The Dodd-Frank Wall Street Reform and Consumer Protection Act contains provisions designed to improve transparency and accountability concerning the supply of certain minerals, known as "conflict minerals," originating from the Democratic Republic of Congo and adjoining countries that are believed to be benefitting armed groups.   As a result, the SEC recently adopted new due diligence, disclosure and reporting requirements for companies that manufacture products that include components containing such minerals.  Since we manufacture such products, we are required to comply with the new SEC rules.  We expect that the compliance process will be both time-consuming and costly.  Costs associated with complying with these disclosure requirements will include diligence to determine the sources of minerals used in our products and potential changes to products, processes or sources of supply as a consequence of such verification activities. The implementation of these rules could adversely affect the sourcing, supply and pricing of certain materials used in our products.  Because there may be only a limited number of suppliers offering "conflict free" minerals, we cannot be sure that we will be able to obtain necessary minerals from such suppliers in sufficient quantities or at competitive prices. In addition, our supply chain is complex and we may not be able to easily verify the origins for all minerals used in our products.  We may face reputational challenges with our customers and other stakeholders if our products contain minerals not determined to be conflict free or if we are unable to sufficiently verify the origins of minerals contained in the components included in our products through the due diligence procedures that we implement.
Risks Related to Our Securities
The prices of our common stock and warrants have fluctuated considerably and are likely to remain volatile, in part due to the limited market for our securities.
From January 1, 2014 through March 27, 2015, the high and low sales prices for our common stock were $6.00 and $3.12, respectively, and the high and low sales prices for our warrants were $0.07 and $0.0009, respectively.  There is a limited public market for our common stock and warrants, and we cannot provide assurances that a more active trading market will develop or be sustained.  As a result of low trading volume in our common stock and warrants, the purchase or sale of a relatively small number of securities could result in significant price fluctuations and it may be difficult for holders to sell their securities without depressing the market price for such securities.
Additionally, the market prices of our common stock and warrants may continue to fluctuate significantly in response to a number of factors, some of which are beyond our control, including the following:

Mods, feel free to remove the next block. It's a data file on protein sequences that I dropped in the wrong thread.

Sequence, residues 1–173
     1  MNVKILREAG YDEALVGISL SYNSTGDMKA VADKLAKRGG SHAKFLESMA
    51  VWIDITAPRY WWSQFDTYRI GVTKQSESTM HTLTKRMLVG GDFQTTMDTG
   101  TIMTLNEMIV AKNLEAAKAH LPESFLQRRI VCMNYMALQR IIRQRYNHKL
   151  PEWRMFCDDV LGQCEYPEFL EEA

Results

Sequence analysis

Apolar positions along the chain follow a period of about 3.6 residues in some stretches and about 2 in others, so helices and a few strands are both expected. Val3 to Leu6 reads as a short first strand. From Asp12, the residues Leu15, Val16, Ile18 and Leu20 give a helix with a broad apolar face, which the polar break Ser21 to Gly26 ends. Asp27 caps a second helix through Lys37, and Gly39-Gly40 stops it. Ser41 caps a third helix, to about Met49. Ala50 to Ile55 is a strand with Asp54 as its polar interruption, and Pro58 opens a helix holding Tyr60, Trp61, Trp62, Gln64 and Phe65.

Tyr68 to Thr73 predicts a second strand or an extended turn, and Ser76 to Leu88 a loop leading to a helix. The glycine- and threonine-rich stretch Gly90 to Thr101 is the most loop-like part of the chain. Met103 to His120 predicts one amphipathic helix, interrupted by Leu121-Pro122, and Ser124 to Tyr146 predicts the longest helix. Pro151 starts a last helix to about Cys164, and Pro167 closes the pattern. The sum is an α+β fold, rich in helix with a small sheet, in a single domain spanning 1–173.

General economic conditions affecting the availability of long-term or short-term credit facilities, the purchasing and payment patterns of our customers, or the requirements imposed by our suppliers;
Economic conditions in our industry and in the industries of our customers and suppliers;
        Changes in financial estimates or investment recommendations by securities analysts relating to our common stock;
Market reaction to our reported financial results;
Loss of a major customer;
       Announcements by us or our competitors of significant contracts, acquisitions, strategic partnerships, joint ventures or capital commitments; and
Changes in key personnel.
12

The warrants may not have any value.
The warrants are "European style warrants" and will only become exercisable on the earlier of (i) the expiration date, August 6, 2018, and (ii) such date that the 30-day volume weighted average price per share, or VWAP, of our common stock is greater than or equal to $15.00.  Once the warrants become exercisable, they may be exercised in accordance with the terms of the warrant agreement until their expiration at 5:00 p.m., Eastern Time, on the expiration date.
The warrants have an exercise price of $7.50 per share.  This exercise price does not necessarily bear any relationship to established criteria for valuation of our common stock, such as book value per share, cash flows, or earnings, and you should not consider this exercise price as an indication of the current or future market price of our common stock.  There can be no assurance that the market price of our common stock will exceed $7.50 per share at any time on the expiration date of the warrants, August 6, 2018, or at any other time the warrants may be exercised.  If the warrants only become exercisable on the expiration date and the market price of our common stock on such date does not exceed $7.50 per share, the warrants will be of no value.